The Seven Deadly Sins of Sales

All companies need to increase sales and improve their performance on a continuing basis if they are to survive. Most companies lose between 10-20% of their customers per year due to bankruptcies, mergers and simply because the customer stops buying. Studies show that 66% of companies consider that sales and marketing are the key issues for their business right now. But they are less likely to do something about it than cutting costs.

Here are the 7 deadly sins – mistakes that many companies make in trying to improve their performance.

  • “Get out and do more sales calls.”
    This is the normal reaction of most sales managers. When their teams are not performing well they will require redoubling of efforts in either sales visits or telephone calls. But doing more of the same thing will necessarily get more of the same result: below target performance. A review of their target customers, messages and better understanding of benefits is more likely to achieve results required. They need to work smarter not harder.
  • Discounting.
    Discounting is an invidious way to get more sales. And most times it will not work. Yet many sales people will resort to this as a way of closing and trying to increase sales. It is easy for the lazy sales person and it is frequently a panic measure bought about by the first deadly sin. If you have not correctly positioned your product no amount of discounting your product or service will persuade your customer that it is even better value for money more likely they will think it is too CHEAP and therefore not good value for money. In surveys of B2B selling price normally comes in at 4 or 5 in the list of buying criteria.
  • Do not train you sales staff – ever!
    The average number of days spent training sales people in the
    UKis 1 day per year! In the US it is more like 2 days per month. And the results show. To become top performers sales teams need to be trained on technique, process and the benefits of the products again and again. Many companies consider the training budget to be a cost but they should look at it as an investment.
  • Don’t target customers.
    Allow your sales people to do what they like, go where they like, to get orders. The result will be an increasing number of low value customers that will not contribute significantly to your bottom line. Your costs will increase as sales people will travel anywhere to get orders no matter what the value of those orders and your competitors will grab the biggest and best customers.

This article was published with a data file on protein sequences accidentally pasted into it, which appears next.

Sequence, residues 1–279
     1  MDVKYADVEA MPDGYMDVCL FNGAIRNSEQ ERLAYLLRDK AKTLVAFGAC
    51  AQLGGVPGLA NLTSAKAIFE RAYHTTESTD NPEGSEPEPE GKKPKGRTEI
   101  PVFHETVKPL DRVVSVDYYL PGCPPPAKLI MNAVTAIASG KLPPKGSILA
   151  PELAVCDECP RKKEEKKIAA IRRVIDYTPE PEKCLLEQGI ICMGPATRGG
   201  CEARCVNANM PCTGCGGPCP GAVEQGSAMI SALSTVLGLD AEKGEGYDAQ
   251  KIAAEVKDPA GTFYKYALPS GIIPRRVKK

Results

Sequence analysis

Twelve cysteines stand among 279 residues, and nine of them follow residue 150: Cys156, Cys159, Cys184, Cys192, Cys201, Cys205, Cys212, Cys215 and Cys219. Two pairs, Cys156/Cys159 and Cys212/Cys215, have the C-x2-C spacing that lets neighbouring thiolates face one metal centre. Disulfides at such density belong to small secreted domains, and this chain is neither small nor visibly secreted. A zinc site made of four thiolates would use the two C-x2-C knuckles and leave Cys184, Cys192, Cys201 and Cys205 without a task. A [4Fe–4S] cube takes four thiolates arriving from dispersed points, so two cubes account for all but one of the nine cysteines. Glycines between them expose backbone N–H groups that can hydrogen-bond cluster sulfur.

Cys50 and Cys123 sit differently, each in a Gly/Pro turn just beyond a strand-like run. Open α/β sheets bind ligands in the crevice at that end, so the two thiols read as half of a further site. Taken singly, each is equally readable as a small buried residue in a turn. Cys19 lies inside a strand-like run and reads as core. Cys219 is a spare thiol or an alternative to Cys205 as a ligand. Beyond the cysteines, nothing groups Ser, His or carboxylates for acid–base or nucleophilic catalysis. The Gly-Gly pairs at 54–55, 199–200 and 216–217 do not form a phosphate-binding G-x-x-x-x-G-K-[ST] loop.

• Don’t set your targets for your sales team
    By not setting targets your sales team will not know what is expected of them, not know which customers to target and the sales manager will find it difficult to motivate them to a better performance. Sales people who are not comfortable with targets are just that comfortable. They stay within their comfort zone and do not rock the boat. Generously, you could say they are order takes not professional sales people.
  • Don’t bother with all that ‘fluffy bunny’ motivation stuff!
    Selling is a tough occupation and motivation needs to be a regular part of the sales manager’s activities. Identifying what the right sort of motivation is for each of the sales team and then working on that will help turn average sales people into stars. But start with your own attitude. Attitudes are contagious –is yours worth catching?
  • Never, ever, ask for the order.
    More than 70% of sales people do NOT ask for the order! They may well qualify the prospect right, identify the benefits for that particular customer, do a fine presentation, answer all the objections but then do not complete the sale. Often fear of rejection is at the root of this issue. But by not asking for some form of commitment they are leaving the door open for the client to say “I’ll think about it.”